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Fasting levels not going down

Discussion in 'Prediabetes' started by Nos, Dec 3, 2018.

  1. Nos

    Nos · Newbie

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    Hi All,
    I'm new here and still learning all I can about my condition.

    Here is a brief history.
    Earlier this year(Feb) I started having pins and needles all over my body also my felt heat in my left shin but it was not hot to touch. GP did some blood tests and it came high on Cholesterol and triglycerides. Oddly my glucose was not tested at the time.
    Feb tests:
    Triglycerides: 2.05
    HDL: 1.22
    LDL: 5.28
    So as can be seen my Tri and LDL are high and HDL is on low side. I had known that my LDL is high for some times as I did tests 4 years ago and it was also high. This time I've adjusted my diet and and also started moving more. I work in IT so most of the time I'm glued to my chair.

    Unfortunately this has not improved, the only thing I noticed is that the symptoms go away on holidays.
    Moving to June and one morning I woke up feeling dizzy and tired. Also sometimes I felt tipsy. Went to GP and was given some drugs to treat inner ear but that did not help so I got referred to Neurologists. At this point I went and did a range(over 70) of blood tests on my own expense. This is where glucose popped up, also found that I have Calcium and Vid D deficiency. The good thing that my HDL dropped but by Try went up.
    Aug tests:
    Triglycerides: 2.17
    HDL: 1.22
    LDL: 3.63
    GLU: 6.9

    Neurologist asked to do another range of blood tests, MRI and EMG. Both MRI and EMG came clear. The blood tests shown below:
    Sep tests:
    Triglycerides: 1.26
    HDL: 0.84
    LDL: 3.15
    GLU: 6.0
    HbA1c: 38
    So again my fasting glucose came high but my HbA1c is still within the norm but it is almost at border line. My LDL and Try went down but so did HDL. I did OGTT on my own initiative and that came positive. My fasting 2 hour glucose was 10.0 although I'm not convinced it was done properly as from what I understand it is not enough just fast before the test.
    I've adjusted my diet again to lower my carb intake, also I've upped my daily active time. As I wrote before I noticed that symptoms go away during holidays. The main difference is that all my holidays are very active unlike my normal work day. This is where fitness tracker came in handy as I could see how much I move during a day. So since my the adjustments I've lost 4Kg but I never was overweight in my life. Also nobody in family has diabetes.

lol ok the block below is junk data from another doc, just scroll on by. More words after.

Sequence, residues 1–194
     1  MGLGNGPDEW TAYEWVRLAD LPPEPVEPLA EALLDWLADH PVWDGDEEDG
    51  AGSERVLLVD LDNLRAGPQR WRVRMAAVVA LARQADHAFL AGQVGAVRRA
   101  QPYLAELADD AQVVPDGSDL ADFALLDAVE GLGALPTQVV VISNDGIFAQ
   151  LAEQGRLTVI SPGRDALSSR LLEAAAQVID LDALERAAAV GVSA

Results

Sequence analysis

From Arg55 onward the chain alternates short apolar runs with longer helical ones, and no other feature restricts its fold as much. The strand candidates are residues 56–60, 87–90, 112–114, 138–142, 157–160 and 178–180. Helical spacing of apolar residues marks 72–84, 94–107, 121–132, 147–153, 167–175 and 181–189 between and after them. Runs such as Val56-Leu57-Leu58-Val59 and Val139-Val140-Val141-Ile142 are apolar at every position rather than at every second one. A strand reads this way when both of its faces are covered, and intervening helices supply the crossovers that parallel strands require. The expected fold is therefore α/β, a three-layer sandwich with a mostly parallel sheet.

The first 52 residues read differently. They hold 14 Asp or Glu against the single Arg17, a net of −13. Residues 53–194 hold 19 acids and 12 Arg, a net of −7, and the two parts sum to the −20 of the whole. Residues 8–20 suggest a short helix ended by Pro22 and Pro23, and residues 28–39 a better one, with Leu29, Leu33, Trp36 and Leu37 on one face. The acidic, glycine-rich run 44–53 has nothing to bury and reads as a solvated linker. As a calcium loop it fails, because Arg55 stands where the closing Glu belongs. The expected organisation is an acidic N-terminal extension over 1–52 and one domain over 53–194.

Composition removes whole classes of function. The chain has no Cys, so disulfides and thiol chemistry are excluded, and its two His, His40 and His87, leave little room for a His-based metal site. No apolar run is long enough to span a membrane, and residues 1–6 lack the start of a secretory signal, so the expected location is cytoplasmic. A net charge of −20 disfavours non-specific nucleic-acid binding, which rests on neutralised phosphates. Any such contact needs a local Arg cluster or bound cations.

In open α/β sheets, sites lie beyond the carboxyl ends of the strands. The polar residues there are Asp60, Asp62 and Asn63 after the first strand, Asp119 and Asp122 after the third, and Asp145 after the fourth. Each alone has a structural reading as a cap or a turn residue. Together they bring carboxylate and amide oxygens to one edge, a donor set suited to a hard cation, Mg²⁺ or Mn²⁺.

I have couple questions:
    1. About 2 weeks ago I got myself Glucose tester and started testing. My average is 5.7 so far. I rarely go above 6.5 but I noticed that my fasting glucose does not go down overnight it actually starts rising. So if my last meal was carb heavy and I go to bed with glucose at 6.0, in the morning it will be the same or a bit higher. Is this normal? During the day my glucose 2 hours after meal is between 5.0 - 6.5 depending on how much I move.
    2. I get 150-200g of carbs a day. My weight is still dropping and honestly I do not want to lose more. I'm not sure how to manage this? Any tips?
    3. Any reason my HDL went down and how to bump it up?

    Sorry for long post
    • Like Like x 1
    #1 Nos, Dec 3, 2018 at 1:09 PM
    Last edited: Dec 3, 2018
  2. hazelzac

    hazelzac Prediabetes · Well-Known Member

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    Hi I really appreciate you are doing something great for yourself ,I would say try to reduce carbs further,specially for dinner.Walk after dinner would be a good idea for fasting glucose control .As now you have gluco meter you can try and test different foods . Good luck
    • Like Like x 1
  3. Rustytypin

    Rustytypin Prediabetes · Well-Known Member

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    Hi @Nos , firstly welcome to the Forum, tagging @daisy1 for the useful info sheet; to answer your point re morning BS level, it sounds like the Dawn Phenomenon where your liver ups your glucose level in order to give you a good start to the day, although 6 and over is considered a little high. Having said that your HbA1c is within the normal range for non diabetics.
    With regard to your after meal levels up to 6.5 isn't bag, but depends on the pre meal level, you should look for a rise of not more than 2 at the 2 hour mark.
    Your holiday levels are probably due to your muscles clearing the glucose from your blood stream due to the increased activity over your usual. It may also be due to a change in diet, perhaps less carbs on hols?
    Not too sure regarding the cholesterol thing, I tend to ignore all the hype surrounding "high cholesterol " as most is made in the body as it is needed. Tagging @Bluetit1802 who is far more knowledgeable than me regarding ratios for trigs, HDL etc.
  4. HSSS

    HSSS Type 2 · Well-Known Member

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    If you don’t want to lose weight and want to drop carbs further add more fat to feel full, have energy and maintain your calories.
    • Like Like x 2
  5. Bluetit1802

    Bluetit1802 Type 2 (in remission!) · Guru

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    @Rustypin Thank you for the tag.

    @Nos As far as cholesterol is concerned I personally would have no worries with the numbers you have provided. You may wish to spend some time reading a thread brilliantly put together by @bulkbiker as it will explain everything, and why cholesterol is not as worrying as the old science makes out. There is plenty of new science on this matter. The thread is long and contains many videos so you would need to book mark it.


    I would also point out that our lipids change constantly, just like our blood glucose does. It is possible to have it tested several times on the same day and you would see several different results.